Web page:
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Richard Parrish

5 Sport and EU competition law In applying EU competition law to sport, the Directorate General for Competition Policy (herein referred to as the Commission) has been caught between three powerful forces. First, the Commission has a constitutional commitment to promote and protect the free market principles on which much of the Treaty of Rome is based. In this capacity it shares a close relationship with the ECJ. The ECJ’s rulings in Walrave, Donà and Bosman have played an important role in placing sport on the EU’s systemic agenda in a regulatory form. The

in Sports law and policy in the European Union
Author: Richard Parrish

The increasing commercialisation of sport raises important questions concerning regulation. The development of the European Union (EU) and the internationalization of sporting competition have added an international dimension to this debate. Yet sport is not only a business, it is a social and cultural activity. Can regulation at the EU level reconcile this tension? Adopting a distinctive legal and political analysis, this book argues that the EU is receptive to the claim of sport for special treatment before the law. It investigates the birth of EU sports law and policy by examining the impact of the Bosman ruling and other important European Court of Justice decisions, the relationship between sport and EU competition law, focusing particularly on the broadcasting of sport, the organization of sport and the international transfer system, and the relationship between sport and the EU Treaty, focusing in particular on the impact of the Amsterdam and Nice declarations on sport and the significance of the Helsinki report on sport. This text raises questions concerning the appropriate theoretical tools for analysing European integration.

Richard Parrish

linked to the EU’s legal framework, the Commission had not completed juridification by applying the EU’s competition laws to sport. Following Bosman, the Commission was compelled to respond. The initial post-Bosman relationship between EU competition law and sport was characterised by considerable confusion and great legal uncertainty. Usually acting on a complaint, the Competition Policy Directorate launched a series of high-profile investigations into the operation of sport in Europe. These investigations have included examinations into re-structured transfer systems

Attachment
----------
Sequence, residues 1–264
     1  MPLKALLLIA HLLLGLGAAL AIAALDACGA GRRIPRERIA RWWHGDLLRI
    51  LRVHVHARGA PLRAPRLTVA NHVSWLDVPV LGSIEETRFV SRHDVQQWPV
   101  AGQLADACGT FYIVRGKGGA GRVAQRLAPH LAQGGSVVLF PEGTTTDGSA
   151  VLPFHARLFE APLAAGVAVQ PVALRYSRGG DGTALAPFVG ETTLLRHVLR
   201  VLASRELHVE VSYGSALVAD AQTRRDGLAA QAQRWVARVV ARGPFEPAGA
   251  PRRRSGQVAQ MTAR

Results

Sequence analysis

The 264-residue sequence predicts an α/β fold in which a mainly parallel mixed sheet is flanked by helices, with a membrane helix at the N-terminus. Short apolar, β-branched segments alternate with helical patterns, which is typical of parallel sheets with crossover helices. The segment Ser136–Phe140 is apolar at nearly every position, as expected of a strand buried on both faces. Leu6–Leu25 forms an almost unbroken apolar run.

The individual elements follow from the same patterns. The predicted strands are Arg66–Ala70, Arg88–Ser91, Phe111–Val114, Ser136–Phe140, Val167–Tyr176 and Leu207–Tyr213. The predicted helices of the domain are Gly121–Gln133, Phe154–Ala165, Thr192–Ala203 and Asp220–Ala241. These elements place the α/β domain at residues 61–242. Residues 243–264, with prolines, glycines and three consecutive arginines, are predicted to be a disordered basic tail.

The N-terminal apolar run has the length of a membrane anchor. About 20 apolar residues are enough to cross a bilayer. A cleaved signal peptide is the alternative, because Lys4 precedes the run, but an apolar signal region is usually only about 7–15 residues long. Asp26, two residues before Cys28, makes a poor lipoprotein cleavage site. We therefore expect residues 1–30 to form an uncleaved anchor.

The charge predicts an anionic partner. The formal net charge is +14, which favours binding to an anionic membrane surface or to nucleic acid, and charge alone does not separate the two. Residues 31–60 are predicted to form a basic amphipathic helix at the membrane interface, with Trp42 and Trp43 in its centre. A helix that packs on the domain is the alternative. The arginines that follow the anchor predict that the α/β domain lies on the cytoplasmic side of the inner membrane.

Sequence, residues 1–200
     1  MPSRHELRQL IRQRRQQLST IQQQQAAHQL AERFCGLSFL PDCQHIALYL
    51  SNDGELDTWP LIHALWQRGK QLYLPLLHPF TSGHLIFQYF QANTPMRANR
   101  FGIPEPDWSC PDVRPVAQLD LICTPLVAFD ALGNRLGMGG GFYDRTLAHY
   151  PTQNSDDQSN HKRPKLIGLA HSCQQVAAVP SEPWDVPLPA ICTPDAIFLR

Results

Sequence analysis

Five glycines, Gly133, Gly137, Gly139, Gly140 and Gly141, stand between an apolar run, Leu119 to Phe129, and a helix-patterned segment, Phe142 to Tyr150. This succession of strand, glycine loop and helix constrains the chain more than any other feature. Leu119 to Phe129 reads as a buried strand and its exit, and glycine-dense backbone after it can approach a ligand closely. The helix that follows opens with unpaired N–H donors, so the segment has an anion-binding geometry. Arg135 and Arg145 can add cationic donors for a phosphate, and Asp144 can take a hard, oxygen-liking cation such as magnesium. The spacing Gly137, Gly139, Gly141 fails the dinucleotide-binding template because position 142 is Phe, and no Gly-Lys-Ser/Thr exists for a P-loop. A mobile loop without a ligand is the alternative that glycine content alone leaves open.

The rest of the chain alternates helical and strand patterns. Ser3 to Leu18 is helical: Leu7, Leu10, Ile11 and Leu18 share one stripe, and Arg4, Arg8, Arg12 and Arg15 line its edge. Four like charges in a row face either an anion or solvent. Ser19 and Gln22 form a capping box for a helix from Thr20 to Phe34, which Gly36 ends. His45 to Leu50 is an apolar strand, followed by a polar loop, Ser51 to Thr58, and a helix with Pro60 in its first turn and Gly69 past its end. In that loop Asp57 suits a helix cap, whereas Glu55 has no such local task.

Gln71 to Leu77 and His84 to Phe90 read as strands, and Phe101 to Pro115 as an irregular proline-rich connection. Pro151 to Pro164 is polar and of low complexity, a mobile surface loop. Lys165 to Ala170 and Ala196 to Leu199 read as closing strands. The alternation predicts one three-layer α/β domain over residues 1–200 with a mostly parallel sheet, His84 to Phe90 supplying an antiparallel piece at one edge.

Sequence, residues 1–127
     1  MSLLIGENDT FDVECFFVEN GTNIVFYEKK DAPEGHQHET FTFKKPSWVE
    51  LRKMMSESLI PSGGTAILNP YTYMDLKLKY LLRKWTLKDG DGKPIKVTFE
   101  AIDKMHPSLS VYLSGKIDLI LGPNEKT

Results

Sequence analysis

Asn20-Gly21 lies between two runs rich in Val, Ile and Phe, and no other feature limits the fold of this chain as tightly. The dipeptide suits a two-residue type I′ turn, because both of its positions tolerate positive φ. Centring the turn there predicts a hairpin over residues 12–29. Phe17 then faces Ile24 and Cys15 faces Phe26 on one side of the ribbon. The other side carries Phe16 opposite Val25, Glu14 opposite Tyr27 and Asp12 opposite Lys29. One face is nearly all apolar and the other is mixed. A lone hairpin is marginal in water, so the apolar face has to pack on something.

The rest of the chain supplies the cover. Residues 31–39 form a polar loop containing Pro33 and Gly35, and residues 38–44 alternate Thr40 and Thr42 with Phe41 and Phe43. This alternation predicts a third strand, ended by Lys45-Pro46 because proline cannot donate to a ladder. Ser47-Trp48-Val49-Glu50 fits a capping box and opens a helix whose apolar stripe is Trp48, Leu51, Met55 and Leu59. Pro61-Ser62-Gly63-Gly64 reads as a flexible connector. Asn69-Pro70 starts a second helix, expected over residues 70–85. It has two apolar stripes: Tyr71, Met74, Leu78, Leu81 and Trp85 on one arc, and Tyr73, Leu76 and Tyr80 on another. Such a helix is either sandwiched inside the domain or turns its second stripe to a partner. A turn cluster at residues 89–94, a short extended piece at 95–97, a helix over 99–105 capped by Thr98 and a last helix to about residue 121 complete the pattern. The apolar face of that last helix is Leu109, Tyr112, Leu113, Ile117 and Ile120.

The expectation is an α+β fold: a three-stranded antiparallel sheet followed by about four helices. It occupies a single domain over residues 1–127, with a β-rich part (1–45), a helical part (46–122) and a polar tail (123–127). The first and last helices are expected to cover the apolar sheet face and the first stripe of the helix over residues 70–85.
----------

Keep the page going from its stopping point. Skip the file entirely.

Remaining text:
in Sports law and policy in the European Union
Richard Parrish

had an impact on a range of sports-related activities including: the cross-border transportation of sports equipment, the standardisation of equipment specifications, the commercial exploitation of the Olympic Symbol, the production and marketing of sports food, footwear labelling, quantitative restrictions on sport footwear and certification, testing and technical requirements. The third economic venue which sport became linked to concerned the application of EU competition law. Following the ruling in Bosman, this issue emerged as one of the most extensive areas

in Sports law and policy in the European Union
Richard Parrish

sympathetic approach to sport. The Commission has accepted the argument that restrictions on player mobility and restrictions on the ability of clubs to employ players without obstruction can be justified in terms of maintaining a competitive balance between participants. The Commission has therefore acknowledged the specificity of sport within the context of EU competition law and further defined the separate territories concept. Taken as a whole, the body of ‘hard’ sports law reviewed above does not amount to a great deal – hence the need to refer to the ‘birth’ of EU

in Sports law and policy in the European Union
Richard Parrish

some clubs leaving the federation and establishing a breakaway structure. Third, a tension exists between the requirement of federations to act as commercial bodies whilst at the same time promoting grassroots sport. Fourth, the commercial developments in sport have resulted in sports organisations changing internal rules to accommodate EU competition law. Fifth, some investment companies have expressed an interest in purchasing football clubs. Federation rules regulating multiple ownership may conflict with EU competition rules. Finally, due to the rapid

in Sports law and policy in the European Union